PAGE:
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STAINED book cover

Sarah, a teen with a port-wine stain and body image issues, is abducted, and must find a way to rescue herself.

“Powerful. I raced through it, wanting to know if Sarah would find a way to escape both her captor and her self-doubts. A real nail-biter!“
- April Henry, NY Times bestselling author of The Girl Who Was Supposed to Die

SCARS book cover

Kendra must face her past and stop hurting herself--before it's too late.

Awards: #1 in the Top 10 ALA Quick Picks, ALA's Rainbow List, a Governor General Literary Award Finalist, Staff Pick for Teaching Tolerance.

Yes, it's my own arm on the cover of SCARS.

HUNTED book cover

Caitlyn, a telepath in a world where having any paranormal power at all can kill her, must decide between saving herself or saving the world.

Awards: A finalist for the Monica Hughes Award for Science Fiction and Fantasy, and the Ruth and Sylvia Schwartz Award.

PARALLEL VISIONS book cover

Kate sees visions of the future--but only when she has an asthma attack. When she "sees" her sister being beaten, and a schoolmate killing herself, Kate must trigger more attacks--but that could kill her.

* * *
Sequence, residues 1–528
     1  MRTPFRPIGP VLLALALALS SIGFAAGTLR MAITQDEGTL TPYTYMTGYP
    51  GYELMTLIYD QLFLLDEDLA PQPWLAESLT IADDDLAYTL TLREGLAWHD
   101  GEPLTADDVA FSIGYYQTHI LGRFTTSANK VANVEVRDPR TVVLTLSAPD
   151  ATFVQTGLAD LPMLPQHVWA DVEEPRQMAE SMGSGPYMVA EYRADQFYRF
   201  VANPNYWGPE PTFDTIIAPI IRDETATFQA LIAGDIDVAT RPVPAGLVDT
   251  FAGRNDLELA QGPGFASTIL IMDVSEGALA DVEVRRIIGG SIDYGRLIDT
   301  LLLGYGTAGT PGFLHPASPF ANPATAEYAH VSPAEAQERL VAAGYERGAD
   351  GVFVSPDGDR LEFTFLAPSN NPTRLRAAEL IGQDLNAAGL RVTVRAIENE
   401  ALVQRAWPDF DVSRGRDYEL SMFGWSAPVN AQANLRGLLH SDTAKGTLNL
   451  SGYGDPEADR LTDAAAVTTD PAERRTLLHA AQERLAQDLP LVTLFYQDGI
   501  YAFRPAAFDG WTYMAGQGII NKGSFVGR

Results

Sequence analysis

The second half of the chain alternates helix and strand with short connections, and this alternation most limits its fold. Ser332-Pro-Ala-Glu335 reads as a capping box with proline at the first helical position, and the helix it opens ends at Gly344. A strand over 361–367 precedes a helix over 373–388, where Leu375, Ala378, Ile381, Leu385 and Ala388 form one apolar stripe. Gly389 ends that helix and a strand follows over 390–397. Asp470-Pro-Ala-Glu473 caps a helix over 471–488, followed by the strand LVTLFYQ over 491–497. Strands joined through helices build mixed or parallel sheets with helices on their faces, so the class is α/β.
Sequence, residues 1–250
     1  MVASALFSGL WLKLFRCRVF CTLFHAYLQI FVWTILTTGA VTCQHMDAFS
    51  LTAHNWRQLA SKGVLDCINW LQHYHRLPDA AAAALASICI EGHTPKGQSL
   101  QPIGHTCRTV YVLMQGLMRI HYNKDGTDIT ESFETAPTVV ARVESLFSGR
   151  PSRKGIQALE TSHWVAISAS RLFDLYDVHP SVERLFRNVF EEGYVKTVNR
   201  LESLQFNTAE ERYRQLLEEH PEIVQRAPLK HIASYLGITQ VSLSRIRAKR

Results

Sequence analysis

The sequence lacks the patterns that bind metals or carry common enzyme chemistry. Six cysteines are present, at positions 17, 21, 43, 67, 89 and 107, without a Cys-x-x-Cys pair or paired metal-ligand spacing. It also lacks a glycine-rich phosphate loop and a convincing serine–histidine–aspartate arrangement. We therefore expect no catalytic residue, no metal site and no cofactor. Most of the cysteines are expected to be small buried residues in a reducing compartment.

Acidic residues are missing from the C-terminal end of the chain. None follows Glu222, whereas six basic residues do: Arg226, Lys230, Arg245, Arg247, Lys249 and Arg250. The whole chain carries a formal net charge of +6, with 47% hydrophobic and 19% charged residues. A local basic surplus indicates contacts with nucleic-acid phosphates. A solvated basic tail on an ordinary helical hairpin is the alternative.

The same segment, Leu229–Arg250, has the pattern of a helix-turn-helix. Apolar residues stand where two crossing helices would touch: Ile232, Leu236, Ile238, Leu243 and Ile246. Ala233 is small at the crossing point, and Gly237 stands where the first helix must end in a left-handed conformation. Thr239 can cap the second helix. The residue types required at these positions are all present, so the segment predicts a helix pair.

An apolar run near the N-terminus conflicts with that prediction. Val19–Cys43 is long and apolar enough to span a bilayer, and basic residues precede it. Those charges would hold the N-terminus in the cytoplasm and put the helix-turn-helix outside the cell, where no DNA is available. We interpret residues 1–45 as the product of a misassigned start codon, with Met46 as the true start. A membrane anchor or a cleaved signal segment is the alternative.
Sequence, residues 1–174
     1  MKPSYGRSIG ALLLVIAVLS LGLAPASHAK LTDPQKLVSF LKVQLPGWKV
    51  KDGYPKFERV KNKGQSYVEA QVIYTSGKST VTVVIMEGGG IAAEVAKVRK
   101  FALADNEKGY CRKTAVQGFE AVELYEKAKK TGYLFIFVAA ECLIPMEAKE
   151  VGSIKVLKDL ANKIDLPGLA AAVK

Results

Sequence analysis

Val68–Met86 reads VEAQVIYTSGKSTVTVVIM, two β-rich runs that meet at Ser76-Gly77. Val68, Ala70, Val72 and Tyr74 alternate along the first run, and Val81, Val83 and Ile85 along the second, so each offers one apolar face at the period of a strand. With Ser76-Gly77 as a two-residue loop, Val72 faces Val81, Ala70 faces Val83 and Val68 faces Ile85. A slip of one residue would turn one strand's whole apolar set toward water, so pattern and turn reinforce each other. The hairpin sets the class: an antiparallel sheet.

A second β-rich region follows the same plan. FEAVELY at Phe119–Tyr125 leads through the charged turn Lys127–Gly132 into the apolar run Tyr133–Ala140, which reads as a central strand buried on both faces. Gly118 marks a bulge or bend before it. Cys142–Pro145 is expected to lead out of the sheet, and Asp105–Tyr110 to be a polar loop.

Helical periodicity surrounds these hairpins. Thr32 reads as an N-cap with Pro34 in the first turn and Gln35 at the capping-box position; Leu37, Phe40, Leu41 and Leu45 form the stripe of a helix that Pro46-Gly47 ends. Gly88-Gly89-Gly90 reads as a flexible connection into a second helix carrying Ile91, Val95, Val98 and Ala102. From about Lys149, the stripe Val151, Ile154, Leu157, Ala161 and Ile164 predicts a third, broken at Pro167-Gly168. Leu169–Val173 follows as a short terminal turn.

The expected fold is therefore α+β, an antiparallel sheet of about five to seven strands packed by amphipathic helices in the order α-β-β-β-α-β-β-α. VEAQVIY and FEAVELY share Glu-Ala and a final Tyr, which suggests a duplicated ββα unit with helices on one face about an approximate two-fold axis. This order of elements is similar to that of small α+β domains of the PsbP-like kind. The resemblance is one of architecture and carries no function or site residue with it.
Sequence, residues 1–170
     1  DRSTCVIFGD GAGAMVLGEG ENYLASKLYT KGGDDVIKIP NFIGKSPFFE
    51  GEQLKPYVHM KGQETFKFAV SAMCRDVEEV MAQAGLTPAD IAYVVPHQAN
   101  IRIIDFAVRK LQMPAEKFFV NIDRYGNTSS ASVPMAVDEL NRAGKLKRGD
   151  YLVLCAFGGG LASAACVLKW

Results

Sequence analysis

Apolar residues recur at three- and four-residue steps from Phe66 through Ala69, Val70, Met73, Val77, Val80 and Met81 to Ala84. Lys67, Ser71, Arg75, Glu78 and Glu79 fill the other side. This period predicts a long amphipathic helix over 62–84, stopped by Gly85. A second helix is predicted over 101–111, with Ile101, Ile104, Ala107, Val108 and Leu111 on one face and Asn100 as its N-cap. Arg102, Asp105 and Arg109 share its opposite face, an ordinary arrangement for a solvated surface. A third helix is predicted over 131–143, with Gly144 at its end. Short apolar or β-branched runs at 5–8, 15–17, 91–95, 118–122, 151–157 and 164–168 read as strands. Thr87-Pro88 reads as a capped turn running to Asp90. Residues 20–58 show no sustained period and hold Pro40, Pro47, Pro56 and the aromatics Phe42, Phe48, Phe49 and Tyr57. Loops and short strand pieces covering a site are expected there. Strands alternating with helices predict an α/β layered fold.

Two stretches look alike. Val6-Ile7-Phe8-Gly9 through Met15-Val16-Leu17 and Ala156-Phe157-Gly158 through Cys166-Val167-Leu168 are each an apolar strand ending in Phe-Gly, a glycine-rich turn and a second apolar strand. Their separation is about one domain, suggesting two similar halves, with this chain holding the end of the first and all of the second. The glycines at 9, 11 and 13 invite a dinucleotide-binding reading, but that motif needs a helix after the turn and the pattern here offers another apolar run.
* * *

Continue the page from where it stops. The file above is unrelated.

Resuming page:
Awards: 2013 Gold Winner, Wise Bear Digital Awards, YA Paranormal category.

STAINED book cover

Sarah, a teen with a port-wine stain and body image issues, is abducted, and must find a way to rescue herself.

“Powerful. I raced through it, wanting to know if Sarah would find a way to escape both her captor and her self-doubts. A real nail-biter!“
- April Henry, NY Times bestselling author of The Girl Who Was Supposed to Die

See Previous Book

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Teen Books That Have Something to Say


The Dear One

Review

The Dear One
by Jacqueline Woodson
Delacorte,(1991)
ISBN-10: 0385304161

My rating:



One thing I learned from Rebecca is that when people talk about fifteen-year-olds who are pregnant, they never mention anything about the lost look in the girls' eyes. Rebecca said those people talking and writing books and articles and going on Oprah and Phil Donahue don't know the real deal.
--The Dear One, Jacqueline Woodson, p. 1

Feni does not want her mother to allow Rebecca, the poor, fifteen-year-old pregnant daughter of her mother's old friend, stay with them. But Rebecca comes, any way. At first the two girls don't get along, but over time they come to respect and like each other—and learn from each other.

A moving book that touches lots of important issues, including pregnancy, class differences, being lesbian or straight, and acceptance and courage. Although this book is not as well written as her later Melanin Sun, it is a powerful, gentle story, one I recommend.


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